In order to buy a home, you likely need to borrow the funds. But how do you know if your loan will be approved? A mortgage lender can pre-approve you, which lets you know exactly how much home you can afford before you start your home search. It also signals that you are a serious buyer as you begin the home buying process.
What Is Mortgage Pre-approval?
A mortgage pre-approval is a piece of paper from a lender stating that you’ve been approved for a home loan up to a certain amount. This letter can then be shown to a real estate agent or a home seller during your house hunting to demonstrate that you have the financing lined up. Since many real estate agents deal with buyers who place an offer, only to have financing fall through, a pre-approval can give you an advantage over others seeking homeownership.
But a pre-approval letter doesn’t just make you more competitive as a buyer. If you’re looking for a home loan, you're limited in the amount you can borrow. Pre-approval lets you know that limit before you start shopping so you don’t waste time looking at homes with purchase prices and closing costs you can’t afford.
How Does Pre-approval Work?
Homebuyers may find that instead of a pre-approval, a lender offers a mortgage pre-qualification. The two terms can be used interchangeably, but you should clarify what a lender’s process is. Some merely do a preliminary check into your financial information, while others go into detail.
In some cases, lenders use the term pre-qualification to refer to a less intrusive process. In this case, the loan officer may only do a soft credit check, which won’t impact your score. If a lender uses pre-qualification in this sense, you might not get an official letter stating that you’ve been pre-approved, as only preliminary steps were taken to qualify you.
While it may seem tempting to have a quick-and-easy pre-approval process, a more thorough process can have its benefits. If a lender has gone in-depth on your financials, it's less likely that there will be surprises when you finally find a new home. It's important to remember that a pre-approval is not a final approval. It just demonstrates that a lender has gone through its own process to pre-qualify you.
Read More: Where to Get Preapproved for a Home Loan?
Why Get Preapproved?
A pre-qualification states that a lender has confidence that you’ll be approved for that amount on a home loan.
Here are a few benefits of pre-approval:
- Some sellers require it: The bottom line is, you may be excluded from some homes if you don’t have pre-approval. If a seller has multiple offers coming in, your offer can easily be trumped by someone who has the financing lined up. Some sellers decline offers from buyers who aren’t pre-approved, especially in a market where numerous buyers are competing for the few available homes for sale.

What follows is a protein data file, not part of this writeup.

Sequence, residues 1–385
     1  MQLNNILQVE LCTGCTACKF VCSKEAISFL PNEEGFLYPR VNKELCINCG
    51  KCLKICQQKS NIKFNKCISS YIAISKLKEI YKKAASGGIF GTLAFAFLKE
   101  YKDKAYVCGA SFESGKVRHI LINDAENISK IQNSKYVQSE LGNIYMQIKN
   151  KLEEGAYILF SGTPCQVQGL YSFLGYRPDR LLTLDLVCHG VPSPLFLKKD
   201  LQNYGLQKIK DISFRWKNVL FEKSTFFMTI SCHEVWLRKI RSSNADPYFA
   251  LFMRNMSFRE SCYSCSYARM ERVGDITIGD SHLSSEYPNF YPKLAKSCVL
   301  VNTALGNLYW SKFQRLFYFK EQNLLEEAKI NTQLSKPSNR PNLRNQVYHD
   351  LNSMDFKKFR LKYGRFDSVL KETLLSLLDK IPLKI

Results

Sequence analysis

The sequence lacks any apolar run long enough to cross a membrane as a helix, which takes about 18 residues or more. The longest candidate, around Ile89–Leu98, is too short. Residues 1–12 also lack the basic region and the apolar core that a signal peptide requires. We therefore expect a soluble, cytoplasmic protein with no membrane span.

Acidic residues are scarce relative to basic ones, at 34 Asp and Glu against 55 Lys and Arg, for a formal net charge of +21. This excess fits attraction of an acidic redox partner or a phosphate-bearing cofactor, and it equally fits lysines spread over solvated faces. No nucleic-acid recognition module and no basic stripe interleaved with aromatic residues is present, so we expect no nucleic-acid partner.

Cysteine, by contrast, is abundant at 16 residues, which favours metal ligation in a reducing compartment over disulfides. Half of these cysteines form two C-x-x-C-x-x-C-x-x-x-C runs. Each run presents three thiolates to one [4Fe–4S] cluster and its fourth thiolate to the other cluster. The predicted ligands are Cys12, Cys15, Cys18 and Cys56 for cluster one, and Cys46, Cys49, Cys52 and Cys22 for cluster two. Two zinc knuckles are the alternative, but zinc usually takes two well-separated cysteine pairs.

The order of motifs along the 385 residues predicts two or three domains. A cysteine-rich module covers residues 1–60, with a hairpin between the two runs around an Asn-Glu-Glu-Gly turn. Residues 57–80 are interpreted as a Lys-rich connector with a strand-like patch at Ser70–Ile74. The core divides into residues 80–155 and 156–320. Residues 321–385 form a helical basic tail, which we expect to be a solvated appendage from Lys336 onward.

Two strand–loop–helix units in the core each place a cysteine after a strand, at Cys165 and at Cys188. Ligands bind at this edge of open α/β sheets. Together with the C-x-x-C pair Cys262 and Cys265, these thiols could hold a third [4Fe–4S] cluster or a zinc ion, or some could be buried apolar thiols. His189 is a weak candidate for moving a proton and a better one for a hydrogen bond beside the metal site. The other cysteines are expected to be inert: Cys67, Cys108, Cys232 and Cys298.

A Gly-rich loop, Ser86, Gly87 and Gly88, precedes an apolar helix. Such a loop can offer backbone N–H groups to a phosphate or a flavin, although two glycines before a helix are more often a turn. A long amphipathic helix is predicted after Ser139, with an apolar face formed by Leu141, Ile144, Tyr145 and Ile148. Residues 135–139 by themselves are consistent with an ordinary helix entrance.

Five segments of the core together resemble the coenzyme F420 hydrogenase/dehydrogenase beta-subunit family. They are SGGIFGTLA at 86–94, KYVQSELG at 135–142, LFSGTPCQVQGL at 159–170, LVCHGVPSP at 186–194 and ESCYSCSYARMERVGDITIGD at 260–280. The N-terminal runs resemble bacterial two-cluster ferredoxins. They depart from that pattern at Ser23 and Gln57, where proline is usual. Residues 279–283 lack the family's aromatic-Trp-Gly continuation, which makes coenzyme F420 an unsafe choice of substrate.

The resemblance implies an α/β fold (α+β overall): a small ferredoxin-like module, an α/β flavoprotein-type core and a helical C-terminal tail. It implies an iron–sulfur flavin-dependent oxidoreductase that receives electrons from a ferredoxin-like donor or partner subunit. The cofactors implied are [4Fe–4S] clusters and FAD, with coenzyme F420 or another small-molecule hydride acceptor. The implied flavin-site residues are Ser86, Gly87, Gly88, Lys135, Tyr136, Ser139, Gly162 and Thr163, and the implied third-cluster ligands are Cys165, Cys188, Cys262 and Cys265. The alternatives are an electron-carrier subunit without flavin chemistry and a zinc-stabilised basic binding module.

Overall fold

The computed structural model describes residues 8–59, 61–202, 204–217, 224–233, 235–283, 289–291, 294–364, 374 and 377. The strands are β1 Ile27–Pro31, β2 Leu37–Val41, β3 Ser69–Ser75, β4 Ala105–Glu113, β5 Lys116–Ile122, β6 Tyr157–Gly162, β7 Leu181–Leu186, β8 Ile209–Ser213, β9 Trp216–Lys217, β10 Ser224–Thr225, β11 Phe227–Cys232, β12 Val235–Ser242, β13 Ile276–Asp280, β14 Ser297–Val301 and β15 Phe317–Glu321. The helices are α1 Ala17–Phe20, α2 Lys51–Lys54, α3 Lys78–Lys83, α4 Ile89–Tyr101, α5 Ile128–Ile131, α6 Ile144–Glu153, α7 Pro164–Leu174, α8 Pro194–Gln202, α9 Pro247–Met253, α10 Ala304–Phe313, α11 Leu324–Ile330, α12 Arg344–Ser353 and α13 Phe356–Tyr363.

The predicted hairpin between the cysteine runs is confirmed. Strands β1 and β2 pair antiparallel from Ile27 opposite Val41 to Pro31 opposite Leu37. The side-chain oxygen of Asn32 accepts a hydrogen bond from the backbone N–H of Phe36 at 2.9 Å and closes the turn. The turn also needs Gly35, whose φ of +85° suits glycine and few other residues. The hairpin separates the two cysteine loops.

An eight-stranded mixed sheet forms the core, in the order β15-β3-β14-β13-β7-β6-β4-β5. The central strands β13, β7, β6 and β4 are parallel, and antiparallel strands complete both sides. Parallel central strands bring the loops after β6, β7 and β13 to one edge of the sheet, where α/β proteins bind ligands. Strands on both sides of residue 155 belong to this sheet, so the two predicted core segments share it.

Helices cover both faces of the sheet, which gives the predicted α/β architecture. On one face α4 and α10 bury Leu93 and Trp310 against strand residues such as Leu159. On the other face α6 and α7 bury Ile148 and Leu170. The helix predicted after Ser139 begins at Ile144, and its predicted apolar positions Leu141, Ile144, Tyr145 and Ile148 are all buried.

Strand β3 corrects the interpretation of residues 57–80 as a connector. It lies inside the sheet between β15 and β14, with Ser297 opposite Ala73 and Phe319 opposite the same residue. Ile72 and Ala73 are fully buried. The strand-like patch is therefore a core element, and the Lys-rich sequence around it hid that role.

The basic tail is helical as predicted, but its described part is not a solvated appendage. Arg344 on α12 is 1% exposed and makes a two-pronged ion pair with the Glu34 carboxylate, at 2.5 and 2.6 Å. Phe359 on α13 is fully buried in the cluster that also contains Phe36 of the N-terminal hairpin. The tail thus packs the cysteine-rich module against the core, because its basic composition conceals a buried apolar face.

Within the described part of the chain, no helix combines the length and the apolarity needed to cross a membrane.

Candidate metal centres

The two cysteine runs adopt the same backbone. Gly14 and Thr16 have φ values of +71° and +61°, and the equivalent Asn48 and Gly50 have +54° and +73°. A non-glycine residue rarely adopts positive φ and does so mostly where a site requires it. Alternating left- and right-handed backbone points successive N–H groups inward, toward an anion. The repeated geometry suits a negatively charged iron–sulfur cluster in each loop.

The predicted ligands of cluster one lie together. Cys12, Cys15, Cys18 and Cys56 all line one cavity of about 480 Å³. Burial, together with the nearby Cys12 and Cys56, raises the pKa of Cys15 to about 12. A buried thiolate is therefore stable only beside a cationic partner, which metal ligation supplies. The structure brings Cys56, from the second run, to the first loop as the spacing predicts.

- Issues will be highlighted: If there are issues with your credit report or financial health, the pre-approval process can unearth them. That gives you the chance to improve the problems in a time frame you set before you start your home search.
- You’ll know what you can afford: A pre-approval gives you an idea of what the lender will let you borrow. But you can also crunch the numbers to see how much of a home you can afford, factoring in your down payment and interest rate. This is a huge help as you narrow down the homes for sale in your price range.
How to Get Preapproved
Getting pre-approved works similarly to getting a loan in that you complete a mortgage application and provide some documentation. But it’s important to note that you aren’t committed to using that lender just because you made a loan application and have your pre-approval there.
Depending on the lender, the following may be a part of your pre-approval process:
- Credit score verification: The lender may pull your credit report. In many cases, this will be a hard inquiry credit pull, which means it could impact your credit score in the short term.
- Income verification: Part of getting pre-approved is showing you have the income to make the monthly mortgage payment. This could require providing pay stubs, bank statements or tax returns.
- Debt disclosure: Your level of debt also impacts your ability to pay. You need to list your debts, including credit card balances, student loans and car loans.
Eligibility for Pre-approval
Prior to seeking pre-approval, take a look at your bank accounts and credit score and gather the past couple of years of tax returns, some pay stubs and bank statements. If you have any other sources of income, like Social Security payments or alimony, be prepared to show documentation of those, as well.
Here's what mortgage lenders typically look for:
Credit score: To qualify for a conventional mortgage loan, lenders generally want to see a credit score of at least 620, and some go as high as 660. FHA loans accept scores as low as 500 if you can make a down payment of at least 10 percent, or 580 for a down payment of 3.5 percent.
Debt-to-income ratio (DTI): Lenders also look at the percentage of your income that goes toward debt, known as a debt-to-income ratio. To determine this, divide your total monthly debt by your total monthly income. You usually need a debt-to-income ratio of no more than 43 percent. Some lenders go as low as 36 percent.
Read More: How to Check Your Credit Score
Using Your Mortgage Pre-approval
If you’re pre-approved, it’s important to pay close attention to the valid date on it. Many are only valid for 30 to 90 days, which means you need to kick off your home buying as soon as possible. The letter lists the maximum amount of the approval, as well as the terms under which the approval will be valid.